On 14 July, the Church celebrates the Memorial of St. Camillus de Lellis, a Saint who ‘formed a company of heroes of charity, who dedicated themselves to serving the sick as a mother would’.
Newsdesk- (July 14, 2021, 23:35 Gaudium Press) At times we are tempted to think that only he who has never committed the slightest fault nor possessed any defect is truly a Saint, keeping his baptismal garment white and intact throughout his life. But how can we ignore, among the many Blesseds and Saints, the unquestionable holiness of St. Paul the Apostle, St. Augustine, or the one invoked as the first among the virgins in the Litany of All Saints, St. Mary Magdalene?
These are three outstanding cases of souls who were converted as adults, after having committed grave sins. God – Who is Mercy and Goodness – redeemed them through an outpouring of superabundant graces and called them to admirable missions at the service of Holy Church. By their fidelity to these graces, they have attained the honour of being raised upon the altars of the Church and have left, by the example of their lives, a luminous trace in the firmament of the Saints. Such is the life of St. Camillus de Lellis.
A dissolute soldier
Born in Bucchianico, Italy, on Pentecost Sunday, 1550, his childhood was marked by the pious upbringing of his mother, Camillus Compellis. Accustomed to running the house alone because of the long absences of her husband, Giovanni de Lellis – a great military mercenary – she knew how to create a harmony of discipline and kindness in her son’s education.
Gifted with a strong and impulsive character, the boy was attracted from an early age to the adventurous lifestyle of his father, a captain famous for having served in various European kingdoms. At the age of 17, Camillus traveled to Venice to join the fight against the Turkish Corsairs. Soon after, he met up with his father in Ancona, who had also decided to fight in Venice. But in his old age, Giovanni of Lellis was taken ill by a serious illness and died in his son’s arms halfway along the journey, before his son could take him back to Bucchianico.
Feeling lonely – as his mother had died a few years earlier – Camillus allowed himself to be drawn into the vices of gambling and drinking, so common in the rough and tumble attitude of those days. He became a vagabond and started to live off the money he earned in the taverns. He confessed, later, to have placed wagers on his own shirt because he had nothing else left to bet on, without, however, ever having given in to the temptation of stealing. And he affirmed with gratitude that God had preserved him from falling into the sin of impurity.
Around this time, Camillus began to feel a deep pain in his leg, on which a mysterious sore had appeared which remained all his life and became a decisive factor in his conversion. He sought treatment at the well-known St. James of the Incurables Hospital in Rome. Unable to pay the costs, he offered his services as a servant, and there he had his first contact with the world of the sick. Unfortunately, however, he was expelled a few months later because of his difficult temperament.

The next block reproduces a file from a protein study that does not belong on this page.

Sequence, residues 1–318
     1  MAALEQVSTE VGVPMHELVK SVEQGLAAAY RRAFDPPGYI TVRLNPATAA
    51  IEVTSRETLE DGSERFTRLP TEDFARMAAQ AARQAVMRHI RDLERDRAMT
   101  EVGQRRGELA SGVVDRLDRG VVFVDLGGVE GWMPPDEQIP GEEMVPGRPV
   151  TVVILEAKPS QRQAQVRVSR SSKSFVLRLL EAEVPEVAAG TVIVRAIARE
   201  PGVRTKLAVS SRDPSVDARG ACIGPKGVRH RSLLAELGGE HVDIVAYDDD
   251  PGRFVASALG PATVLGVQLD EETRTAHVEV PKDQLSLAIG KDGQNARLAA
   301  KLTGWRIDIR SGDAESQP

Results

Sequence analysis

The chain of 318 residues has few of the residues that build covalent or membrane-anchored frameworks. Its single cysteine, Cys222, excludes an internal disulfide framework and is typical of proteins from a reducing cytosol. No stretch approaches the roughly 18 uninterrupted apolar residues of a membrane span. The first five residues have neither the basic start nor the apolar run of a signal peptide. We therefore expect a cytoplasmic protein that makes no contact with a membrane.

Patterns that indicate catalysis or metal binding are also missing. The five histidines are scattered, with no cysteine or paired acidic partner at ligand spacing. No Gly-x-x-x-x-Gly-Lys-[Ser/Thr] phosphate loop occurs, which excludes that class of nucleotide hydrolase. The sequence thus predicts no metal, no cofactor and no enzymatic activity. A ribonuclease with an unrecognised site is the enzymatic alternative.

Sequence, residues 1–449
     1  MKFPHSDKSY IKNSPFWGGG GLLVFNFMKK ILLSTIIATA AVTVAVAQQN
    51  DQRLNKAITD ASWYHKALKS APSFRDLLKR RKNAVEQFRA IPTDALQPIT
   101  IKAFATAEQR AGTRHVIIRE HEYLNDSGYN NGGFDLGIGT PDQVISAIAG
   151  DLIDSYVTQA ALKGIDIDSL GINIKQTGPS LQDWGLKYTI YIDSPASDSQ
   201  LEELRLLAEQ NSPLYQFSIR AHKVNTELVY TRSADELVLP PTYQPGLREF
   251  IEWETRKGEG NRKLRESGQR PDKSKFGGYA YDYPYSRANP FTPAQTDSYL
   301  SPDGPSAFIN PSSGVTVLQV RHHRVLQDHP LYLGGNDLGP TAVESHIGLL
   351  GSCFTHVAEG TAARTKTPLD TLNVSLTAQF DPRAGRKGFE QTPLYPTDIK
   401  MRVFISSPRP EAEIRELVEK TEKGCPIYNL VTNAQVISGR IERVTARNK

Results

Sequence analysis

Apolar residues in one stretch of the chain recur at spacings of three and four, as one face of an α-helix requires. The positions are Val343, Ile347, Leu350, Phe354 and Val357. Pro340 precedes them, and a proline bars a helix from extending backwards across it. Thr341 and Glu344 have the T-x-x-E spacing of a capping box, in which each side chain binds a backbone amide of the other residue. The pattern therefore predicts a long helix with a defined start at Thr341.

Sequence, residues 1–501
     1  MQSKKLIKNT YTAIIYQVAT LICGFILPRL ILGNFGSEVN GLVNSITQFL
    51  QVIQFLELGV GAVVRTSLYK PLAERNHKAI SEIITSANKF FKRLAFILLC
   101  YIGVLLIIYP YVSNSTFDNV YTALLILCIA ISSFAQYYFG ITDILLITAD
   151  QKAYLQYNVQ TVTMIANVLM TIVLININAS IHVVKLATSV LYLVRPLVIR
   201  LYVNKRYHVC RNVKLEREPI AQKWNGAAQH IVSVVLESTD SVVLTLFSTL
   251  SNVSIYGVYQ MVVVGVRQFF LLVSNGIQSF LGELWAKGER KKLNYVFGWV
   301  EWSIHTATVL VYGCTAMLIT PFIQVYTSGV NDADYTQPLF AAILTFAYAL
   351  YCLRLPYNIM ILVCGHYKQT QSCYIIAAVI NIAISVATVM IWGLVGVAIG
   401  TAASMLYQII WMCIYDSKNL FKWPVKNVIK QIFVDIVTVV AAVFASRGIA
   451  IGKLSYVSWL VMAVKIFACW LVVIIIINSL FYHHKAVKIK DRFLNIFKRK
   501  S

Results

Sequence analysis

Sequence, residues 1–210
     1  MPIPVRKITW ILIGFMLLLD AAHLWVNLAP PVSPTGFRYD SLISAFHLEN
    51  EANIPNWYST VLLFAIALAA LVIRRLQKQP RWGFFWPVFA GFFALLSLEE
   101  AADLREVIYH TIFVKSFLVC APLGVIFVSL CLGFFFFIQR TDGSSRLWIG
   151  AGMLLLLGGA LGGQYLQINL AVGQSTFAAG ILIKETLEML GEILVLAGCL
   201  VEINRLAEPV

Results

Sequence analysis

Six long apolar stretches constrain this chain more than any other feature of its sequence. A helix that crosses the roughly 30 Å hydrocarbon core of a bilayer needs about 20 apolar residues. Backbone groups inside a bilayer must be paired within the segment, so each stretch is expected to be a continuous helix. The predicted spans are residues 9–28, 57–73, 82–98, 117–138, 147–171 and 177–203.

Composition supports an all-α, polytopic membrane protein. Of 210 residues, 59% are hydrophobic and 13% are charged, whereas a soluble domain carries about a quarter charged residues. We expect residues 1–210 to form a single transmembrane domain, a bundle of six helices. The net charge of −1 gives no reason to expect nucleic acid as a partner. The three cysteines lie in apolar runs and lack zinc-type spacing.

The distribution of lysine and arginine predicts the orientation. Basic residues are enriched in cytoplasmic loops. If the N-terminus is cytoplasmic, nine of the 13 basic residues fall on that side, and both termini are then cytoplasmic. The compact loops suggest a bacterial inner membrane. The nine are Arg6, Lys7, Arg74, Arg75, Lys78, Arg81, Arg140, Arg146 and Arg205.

Partially cured, he reenlisted as a soldier and took part in the fighting in Tunisia. On his way back to Italy, a violent storm unexpectedly assailed his ship near Naples. Faced with the imminent risk of death, he vowed to wear the habit of St. Francis of Assisi if he escaped with his life. After the danger of the storm passed, he forgot the promise that he had made, and fell back into his inveterate vices and continued wandering around Italy.
Surrendered to the infinite love of Jesus
He gambled away all his possessions and was reduced to begging at the doors of the cathedral of Manfredonia. There, a charitable old man named Antonio di Nicastro, seeing that sturdy, strong-faced young man in such a miserable state, took pity on him and offered him a job as a labourer in the Capuchin friary where some work was underway. The recollected atmosphere and kind treatment he received there softened Camillus’ impetuous passions and made it possible for him to put his life in order.
He was 25 years old when he was sent to a nearby convent to collect a certain amount of alms which had been donated, on the Feast of Our Lady of Candlemas, February 2, 1575. He was walking alongside the convent’s pack mule when it suddenly stopped. After having exhausted, in vain, all his efforts to get the mule to continue, he started shouting at the poor beast, yelling insults as though it could understand. All in vain.
God was pleased to grant him the grace of seeing himself reflected in the behaviour of that irrational animal… Camillus realized that he had behaved like a stubborn mule throughout his life: the religious teachings received from his loving mother; the jolt in his conscience amidst the storm; the kindness of the guardian friar and his repeated efforts to make Camillus understand that the soul is a battlefield where only he who has the authentic courage to surrender himself into the hands of Our Lord Jesus Christ wins. Just as the mule stubbornly refused to move, he stubbornly refused to change!